4. Then we draw rectangles representing the entries in the array using the rect function. We give it the x-position and y-position of the upper-left corner of the rectangle and then the width, height, and color. The color is just an index into the palette. The palette is set on the same screen as where you draw the sprites! You can even import new palettes from a hex-string. Try this ’60s inspired color palette I like: f94c4efce211952c6e01d2b57cc671ff8726743b82ee2746f5eccffcb043640e130000003d5789c2449eda70751b9cf7
  5. We test to see if the up button is being pressed and, if it is, perform a single step of sorting.

You can read more about all the functions that make up TIC-80 at its extensive and well written documentation page. If you click on any of the entries under “API” you’ll get a description of what all the core functions in TIC-80 do. There’s only a couple dozen needed to make whatever game you want!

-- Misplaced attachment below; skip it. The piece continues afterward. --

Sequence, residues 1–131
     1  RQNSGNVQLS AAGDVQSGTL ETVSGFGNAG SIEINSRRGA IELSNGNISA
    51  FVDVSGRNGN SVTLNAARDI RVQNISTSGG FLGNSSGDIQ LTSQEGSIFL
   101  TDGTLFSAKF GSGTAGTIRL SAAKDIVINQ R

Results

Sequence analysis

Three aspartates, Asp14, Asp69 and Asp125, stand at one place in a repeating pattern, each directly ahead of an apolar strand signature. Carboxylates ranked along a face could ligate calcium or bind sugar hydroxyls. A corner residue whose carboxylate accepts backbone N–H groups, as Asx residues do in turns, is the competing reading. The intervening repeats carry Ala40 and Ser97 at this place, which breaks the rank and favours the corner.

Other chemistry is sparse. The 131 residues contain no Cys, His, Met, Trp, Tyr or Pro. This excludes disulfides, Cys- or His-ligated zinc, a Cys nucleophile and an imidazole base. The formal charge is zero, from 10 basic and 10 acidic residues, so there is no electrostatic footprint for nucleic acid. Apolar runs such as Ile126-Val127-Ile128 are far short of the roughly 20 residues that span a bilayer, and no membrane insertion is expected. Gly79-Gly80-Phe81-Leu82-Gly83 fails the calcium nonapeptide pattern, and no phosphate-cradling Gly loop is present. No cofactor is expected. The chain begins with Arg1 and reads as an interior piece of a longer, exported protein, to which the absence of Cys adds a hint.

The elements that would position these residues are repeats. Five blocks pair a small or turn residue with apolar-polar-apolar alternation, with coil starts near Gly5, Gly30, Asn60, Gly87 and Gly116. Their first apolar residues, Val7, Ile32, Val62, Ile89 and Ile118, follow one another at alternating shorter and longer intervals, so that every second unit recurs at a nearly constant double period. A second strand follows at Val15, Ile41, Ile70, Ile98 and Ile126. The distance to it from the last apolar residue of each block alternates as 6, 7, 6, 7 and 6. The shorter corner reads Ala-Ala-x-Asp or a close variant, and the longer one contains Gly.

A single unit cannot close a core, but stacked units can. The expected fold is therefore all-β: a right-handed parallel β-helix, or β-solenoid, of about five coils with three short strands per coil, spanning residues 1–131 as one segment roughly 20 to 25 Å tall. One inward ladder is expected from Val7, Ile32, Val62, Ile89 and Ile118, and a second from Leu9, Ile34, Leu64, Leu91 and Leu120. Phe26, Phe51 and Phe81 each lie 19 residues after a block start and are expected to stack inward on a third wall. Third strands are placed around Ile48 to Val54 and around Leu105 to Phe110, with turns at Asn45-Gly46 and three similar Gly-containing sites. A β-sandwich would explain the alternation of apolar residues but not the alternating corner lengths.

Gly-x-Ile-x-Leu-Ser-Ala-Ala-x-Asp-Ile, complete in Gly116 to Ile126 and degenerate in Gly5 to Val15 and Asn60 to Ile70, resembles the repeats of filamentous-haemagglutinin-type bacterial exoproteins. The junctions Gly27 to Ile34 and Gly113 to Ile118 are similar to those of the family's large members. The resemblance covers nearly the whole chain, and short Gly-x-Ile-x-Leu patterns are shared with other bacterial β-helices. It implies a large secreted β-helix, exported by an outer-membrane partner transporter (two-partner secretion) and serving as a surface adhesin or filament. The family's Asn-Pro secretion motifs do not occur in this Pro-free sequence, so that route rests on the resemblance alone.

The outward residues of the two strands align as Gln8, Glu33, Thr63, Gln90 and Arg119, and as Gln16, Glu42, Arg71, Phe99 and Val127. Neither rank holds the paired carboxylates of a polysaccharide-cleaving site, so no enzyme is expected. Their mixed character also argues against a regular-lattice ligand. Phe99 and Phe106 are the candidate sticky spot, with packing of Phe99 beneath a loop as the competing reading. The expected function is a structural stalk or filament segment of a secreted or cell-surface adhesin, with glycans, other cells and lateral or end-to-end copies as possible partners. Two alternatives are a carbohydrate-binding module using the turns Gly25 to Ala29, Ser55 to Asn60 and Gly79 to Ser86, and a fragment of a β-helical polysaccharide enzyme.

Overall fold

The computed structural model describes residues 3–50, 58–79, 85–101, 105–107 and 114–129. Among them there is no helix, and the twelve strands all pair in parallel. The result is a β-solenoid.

If you want to play around with coding you can copy and try to finish the paddle ball game I’ve started here.

Now, the last thing I want to talk about is that you can save, export, and import your games. Saving is done with the save command at the command line but this saves a cartridge to the fake file system TIC-80 uses. Exporting is how you get that file out of TIC-80. Now this gets into about the only weakness I’ve found in TIC-80.

Exporting and importing are a little weird right now, at least in the free version. You can export a playable version of your game, like the one I link to above, or you can export art assets. You can only import art assets and not whole games in the free version. That’s not too big of a problem, though, since you can import the art and then copy & paste the code from another game.